Flight simulators have a significant contribution to effective and efficient flight training across the globe. Significant literature has suggested the effectiveness of simulation tools in training pilots in different scenarios and is an area for continued development and research. To continue those efforts, this study assessed the effectiveness of visual aid to be used as an instructional aid for flight instruction for crosswind landings. The need for further training in crosswind landing is substantiated due to the significantly high number of accidents for General Aviation aircraft in the approach and landing phase of flights. The study utilized an experimental research design and consisted of pre-survey, post-survey, and performance assessments. Along with the descriptive data collected from the surveys, the 5-point competency-based performance assessment was used to grade the landing performance in seven aspects of crosswind landings which was used for the hypothesis testing. The post-results survey highlighted that most participants found that the visual aid assisted with identifying visual cues and perceptions that aided the participants during the crosswind landings in the FTD. Additionally, almost all participants found the visual aid relatively simple to understand and utilize, with all the corresponding lines and marks being easily understood. The statistical analysis of the null hypotheses identified that the visual aid allowed the participants to successfully maintain the required airspeed, vertical speed, and height above the runway threshold on the traffic pattern's final leg. The conclusion of the study highlights the need for such visual aids, further potential improvements in such a visual aid, and scope of utilizing visual aids for improving flight education. While the post-survey and performance assessment highlighted the deficiency in the visual aid in fulfilling some of the objectives of the development of the aid, the results should be used as a foundation for further development of visual aids for flight education.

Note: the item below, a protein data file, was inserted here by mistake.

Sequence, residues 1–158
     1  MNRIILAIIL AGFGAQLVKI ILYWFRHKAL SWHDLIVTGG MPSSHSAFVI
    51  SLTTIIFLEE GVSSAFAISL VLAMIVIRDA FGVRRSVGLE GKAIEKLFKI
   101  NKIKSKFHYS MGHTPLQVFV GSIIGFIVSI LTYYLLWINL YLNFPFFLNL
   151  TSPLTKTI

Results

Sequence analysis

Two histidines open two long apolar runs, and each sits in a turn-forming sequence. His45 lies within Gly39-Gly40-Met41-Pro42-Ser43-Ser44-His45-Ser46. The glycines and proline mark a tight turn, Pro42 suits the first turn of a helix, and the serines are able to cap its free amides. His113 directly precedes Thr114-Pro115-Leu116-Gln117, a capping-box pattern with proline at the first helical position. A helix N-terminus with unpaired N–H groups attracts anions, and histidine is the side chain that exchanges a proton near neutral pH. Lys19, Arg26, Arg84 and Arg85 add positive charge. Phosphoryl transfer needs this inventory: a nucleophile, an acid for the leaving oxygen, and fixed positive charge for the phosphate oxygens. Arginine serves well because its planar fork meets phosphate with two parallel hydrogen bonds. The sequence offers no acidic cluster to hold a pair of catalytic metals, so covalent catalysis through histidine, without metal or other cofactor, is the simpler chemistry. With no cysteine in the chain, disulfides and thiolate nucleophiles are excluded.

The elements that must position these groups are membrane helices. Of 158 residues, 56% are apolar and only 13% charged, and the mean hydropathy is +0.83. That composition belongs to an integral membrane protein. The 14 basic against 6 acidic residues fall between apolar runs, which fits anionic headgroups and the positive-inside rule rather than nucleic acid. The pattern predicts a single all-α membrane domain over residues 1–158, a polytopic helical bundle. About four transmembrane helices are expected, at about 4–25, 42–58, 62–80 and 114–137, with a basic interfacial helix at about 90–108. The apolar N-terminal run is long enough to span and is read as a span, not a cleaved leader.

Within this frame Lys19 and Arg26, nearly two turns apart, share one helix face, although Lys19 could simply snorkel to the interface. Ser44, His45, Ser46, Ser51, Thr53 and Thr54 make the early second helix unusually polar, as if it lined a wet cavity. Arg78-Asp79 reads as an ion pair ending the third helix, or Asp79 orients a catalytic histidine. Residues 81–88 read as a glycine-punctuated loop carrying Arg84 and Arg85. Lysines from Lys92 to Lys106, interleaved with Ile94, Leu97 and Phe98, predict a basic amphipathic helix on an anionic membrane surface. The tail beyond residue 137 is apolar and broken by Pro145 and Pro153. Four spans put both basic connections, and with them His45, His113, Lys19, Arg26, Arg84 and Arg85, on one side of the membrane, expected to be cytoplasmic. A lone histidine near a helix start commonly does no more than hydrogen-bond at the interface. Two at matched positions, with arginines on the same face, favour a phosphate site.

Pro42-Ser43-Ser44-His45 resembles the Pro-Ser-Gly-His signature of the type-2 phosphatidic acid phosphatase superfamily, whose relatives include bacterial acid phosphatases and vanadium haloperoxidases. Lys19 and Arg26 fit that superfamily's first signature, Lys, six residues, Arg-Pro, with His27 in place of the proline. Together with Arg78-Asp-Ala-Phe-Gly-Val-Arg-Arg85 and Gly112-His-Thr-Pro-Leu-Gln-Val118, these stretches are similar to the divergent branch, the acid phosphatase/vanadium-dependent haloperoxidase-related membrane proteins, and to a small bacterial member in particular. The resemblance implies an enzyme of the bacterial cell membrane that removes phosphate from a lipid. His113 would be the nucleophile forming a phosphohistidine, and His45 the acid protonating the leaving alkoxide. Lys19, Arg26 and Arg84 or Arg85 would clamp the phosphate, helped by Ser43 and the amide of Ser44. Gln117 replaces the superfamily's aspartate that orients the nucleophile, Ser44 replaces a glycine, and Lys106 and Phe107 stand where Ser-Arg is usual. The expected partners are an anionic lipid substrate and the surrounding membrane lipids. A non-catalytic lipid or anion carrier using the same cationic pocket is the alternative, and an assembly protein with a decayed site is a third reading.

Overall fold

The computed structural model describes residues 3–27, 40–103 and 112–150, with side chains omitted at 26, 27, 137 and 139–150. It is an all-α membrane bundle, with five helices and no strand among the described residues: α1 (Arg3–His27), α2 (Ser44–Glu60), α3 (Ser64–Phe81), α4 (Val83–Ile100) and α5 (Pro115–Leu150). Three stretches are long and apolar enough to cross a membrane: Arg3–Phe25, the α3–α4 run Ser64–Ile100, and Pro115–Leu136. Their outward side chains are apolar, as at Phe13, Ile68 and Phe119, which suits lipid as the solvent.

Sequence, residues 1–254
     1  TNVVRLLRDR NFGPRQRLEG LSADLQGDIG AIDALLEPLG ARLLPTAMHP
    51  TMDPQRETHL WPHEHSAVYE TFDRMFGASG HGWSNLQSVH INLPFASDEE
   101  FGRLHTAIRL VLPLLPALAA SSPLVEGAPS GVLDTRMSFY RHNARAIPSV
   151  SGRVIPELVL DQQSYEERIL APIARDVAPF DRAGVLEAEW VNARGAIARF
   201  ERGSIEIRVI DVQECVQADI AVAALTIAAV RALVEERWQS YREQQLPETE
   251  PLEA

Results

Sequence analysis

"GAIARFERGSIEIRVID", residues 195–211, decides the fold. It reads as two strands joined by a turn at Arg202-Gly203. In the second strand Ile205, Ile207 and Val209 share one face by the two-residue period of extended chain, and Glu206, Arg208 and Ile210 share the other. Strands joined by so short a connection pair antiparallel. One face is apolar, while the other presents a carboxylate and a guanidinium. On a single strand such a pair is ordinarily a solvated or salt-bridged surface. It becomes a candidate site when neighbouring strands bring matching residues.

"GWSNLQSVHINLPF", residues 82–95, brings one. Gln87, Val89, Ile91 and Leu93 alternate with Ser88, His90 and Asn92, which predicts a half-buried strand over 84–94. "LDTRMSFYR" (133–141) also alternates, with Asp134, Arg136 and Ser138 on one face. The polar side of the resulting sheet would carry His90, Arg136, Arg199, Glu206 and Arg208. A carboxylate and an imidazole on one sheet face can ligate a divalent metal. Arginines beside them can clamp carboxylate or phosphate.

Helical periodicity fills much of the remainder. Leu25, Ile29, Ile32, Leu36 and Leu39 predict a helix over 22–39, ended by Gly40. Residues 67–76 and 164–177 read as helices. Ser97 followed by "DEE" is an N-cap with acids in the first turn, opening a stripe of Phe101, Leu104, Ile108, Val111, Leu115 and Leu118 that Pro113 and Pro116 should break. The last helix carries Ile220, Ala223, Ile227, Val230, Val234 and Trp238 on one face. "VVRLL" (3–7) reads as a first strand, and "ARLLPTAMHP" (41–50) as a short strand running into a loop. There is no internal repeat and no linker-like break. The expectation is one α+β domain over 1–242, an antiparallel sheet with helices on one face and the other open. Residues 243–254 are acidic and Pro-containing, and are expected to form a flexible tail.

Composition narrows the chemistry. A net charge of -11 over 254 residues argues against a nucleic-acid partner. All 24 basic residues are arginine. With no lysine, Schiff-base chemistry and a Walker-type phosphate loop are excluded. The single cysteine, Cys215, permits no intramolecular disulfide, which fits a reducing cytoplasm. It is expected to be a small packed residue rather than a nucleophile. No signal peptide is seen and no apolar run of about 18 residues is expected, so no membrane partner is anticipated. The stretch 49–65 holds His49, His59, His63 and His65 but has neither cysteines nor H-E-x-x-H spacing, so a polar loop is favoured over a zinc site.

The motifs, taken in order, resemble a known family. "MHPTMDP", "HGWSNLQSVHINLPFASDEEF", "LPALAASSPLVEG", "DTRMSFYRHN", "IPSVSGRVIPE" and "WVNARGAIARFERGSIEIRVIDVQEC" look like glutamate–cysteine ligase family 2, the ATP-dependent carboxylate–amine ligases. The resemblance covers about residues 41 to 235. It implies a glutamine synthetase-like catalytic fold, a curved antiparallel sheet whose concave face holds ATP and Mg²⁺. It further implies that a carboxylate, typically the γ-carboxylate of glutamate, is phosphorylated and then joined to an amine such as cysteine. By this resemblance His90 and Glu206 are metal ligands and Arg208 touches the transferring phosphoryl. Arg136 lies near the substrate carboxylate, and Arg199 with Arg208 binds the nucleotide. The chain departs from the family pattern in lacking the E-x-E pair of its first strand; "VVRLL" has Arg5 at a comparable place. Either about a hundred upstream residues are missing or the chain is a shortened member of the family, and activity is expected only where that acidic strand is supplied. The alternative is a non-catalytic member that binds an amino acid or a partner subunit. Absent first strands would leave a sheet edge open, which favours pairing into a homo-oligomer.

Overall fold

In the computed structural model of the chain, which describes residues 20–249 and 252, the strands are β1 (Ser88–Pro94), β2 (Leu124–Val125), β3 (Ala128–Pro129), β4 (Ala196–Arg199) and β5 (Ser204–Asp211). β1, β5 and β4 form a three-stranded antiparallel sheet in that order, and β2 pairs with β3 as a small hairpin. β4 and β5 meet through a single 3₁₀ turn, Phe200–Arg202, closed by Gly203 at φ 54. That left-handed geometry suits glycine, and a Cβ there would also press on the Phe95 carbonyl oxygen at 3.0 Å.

This research was partially supported by the Embry Riddle Flight Department, the Embry Riddle Office of Undergraduate Research, and Paul B. Hunter and Costance D. Hunter Charitable Foundation.



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